The best laid plans always seem to go awry, doesn’t it? I try to stick to a blogging schedule… but when that fumbles and I’m up to my arms in the best ice cream I’ve ever made that I just know would be perfect for this holiday weekend, I have to wipe my hands of this pre-made schedule and just hit publish. I love this holiday, not only because it celebrates America, but also how communal it is. BBQ parties, seafood boils, watching the fireworks explode across the sky, giggling as you see who actually coordinates their outfit to be red/white/blue… but of course, what interests me more is seeing the beautiful red/white/blue treats that permeate the blogging community, like this, this, this, and this. What I’m sharing now is not a specifically July 4th dessert, per say. Instead think of it as an ice cream that screams summer. That happens to include red hues. That’s just delicious, and really, isn’t that the only reason you need to make this?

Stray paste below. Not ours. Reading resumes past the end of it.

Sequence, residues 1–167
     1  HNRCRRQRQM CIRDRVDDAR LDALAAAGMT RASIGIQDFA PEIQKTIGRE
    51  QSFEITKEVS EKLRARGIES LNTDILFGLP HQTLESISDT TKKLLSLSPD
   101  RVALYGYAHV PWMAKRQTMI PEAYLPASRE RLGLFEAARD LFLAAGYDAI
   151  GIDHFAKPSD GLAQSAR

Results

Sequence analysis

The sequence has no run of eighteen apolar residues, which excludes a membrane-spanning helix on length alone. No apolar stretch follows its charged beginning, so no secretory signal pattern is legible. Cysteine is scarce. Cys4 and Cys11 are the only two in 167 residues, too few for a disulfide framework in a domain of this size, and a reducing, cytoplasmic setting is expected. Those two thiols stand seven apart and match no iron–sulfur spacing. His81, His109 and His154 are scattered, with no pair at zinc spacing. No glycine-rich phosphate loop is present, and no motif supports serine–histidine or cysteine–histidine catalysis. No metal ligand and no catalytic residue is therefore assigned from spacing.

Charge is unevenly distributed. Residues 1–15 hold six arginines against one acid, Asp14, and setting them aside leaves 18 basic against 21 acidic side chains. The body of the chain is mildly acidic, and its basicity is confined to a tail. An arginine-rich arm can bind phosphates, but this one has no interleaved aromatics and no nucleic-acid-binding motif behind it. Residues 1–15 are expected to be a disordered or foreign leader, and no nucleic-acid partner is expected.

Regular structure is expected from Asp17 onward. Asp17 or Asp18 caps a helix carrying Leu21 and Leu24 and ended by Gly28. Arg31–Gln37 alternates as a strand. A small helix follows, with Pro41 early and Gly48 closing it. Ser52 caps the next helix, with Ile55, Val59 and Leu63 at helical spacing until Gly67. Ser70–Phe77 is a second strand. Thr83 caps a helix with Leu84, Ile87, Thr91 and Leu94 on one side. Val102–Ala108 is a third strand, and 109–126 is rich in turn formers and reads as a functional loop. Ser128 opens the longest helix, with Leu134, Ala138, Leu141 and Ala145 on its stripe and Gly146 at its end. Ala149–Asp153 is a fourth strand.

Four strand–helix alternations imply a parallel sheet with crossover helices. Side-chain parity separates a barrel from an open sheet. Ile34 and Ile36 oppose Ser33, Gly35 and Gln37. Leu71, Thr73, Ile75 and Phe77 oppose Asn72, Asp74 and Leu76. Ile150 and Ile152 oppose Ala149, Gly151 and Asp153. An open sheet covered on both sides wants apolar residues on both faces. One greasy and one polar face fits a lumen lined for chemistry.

This ice cream is entirely inspired by Skye. She keeps posting photos of red wine marinated plums, red wine poached pears, and red wine roasted figs and stuff. I had opened a bottle of cabernet sauvignon for our one year anniversary and had some left over, so I immediately knew what to do with the rest. I let the cherries marinade in wine for about an hour, then tossed it with some olive oil and threw it in the oven to roast. I highly recommend you make double what you need, because you’ll want to just eat these wine-roasted cherries straight out of the oven. Continue reading